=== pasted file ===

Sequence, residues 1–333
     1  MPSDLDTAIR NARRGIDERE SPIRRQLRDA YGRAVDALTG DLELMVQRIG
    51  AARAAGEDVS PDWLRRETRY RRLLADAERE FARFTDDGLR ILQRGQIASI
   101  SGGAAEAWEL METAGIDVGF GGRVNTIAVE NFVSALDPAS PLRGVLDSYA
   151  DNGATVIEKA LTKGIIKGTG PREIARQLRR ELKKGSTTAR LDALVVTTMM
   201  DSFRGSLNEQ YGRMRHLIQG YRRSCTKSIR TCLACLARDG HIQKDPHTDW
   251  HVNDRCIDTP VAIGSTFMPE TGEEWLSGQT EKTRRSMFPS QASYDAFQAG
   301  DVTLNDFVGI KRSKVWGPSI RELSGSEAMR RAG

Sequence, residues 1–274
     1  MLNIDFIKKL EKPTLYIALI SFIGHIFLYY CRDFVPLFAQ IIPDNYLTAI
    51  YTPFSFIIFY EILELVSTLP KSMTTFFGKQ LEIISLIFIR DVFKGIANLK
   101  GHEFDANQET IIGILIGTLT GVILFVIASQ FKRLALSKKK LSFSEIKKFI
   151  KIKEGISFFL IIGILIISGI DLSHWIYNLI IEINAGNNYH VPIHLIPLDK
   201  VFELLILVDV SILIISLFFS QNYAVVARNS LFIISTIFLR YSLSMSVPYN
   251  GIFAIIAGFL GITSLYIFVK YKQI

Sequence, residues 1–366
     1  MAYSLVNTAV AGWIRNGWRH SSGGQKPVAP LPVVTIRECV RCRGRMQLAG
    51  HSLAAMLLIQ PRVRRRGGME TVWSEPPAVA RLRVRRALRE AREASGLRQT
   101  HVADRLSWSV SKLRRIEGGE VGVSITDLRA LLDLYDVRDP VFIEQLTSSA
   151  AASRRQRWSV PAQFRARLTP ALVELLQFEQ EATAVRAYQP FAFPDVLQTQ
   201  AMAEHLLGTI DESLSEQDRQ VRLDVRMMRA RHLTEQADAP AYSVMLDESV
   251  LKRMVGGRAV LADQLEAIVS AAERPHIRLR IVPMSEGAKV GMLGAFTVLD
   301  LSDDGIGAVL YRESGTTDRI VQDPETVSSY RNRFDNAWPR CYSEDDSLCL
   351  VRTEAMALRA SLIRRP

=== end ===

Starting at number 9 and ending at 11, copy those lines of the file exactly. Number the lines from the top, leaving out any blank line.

Sequence, residues 1–274
     1  MLNIDFIKKL EKPTLYIALI SFIGHIFLYY CRDFVPLFAQ IIPDNYLTAI
    51  YTPFSFIIFY EILELVSTLP KSMTTFFGKQ LEIISLIFIR DVFKGIANLK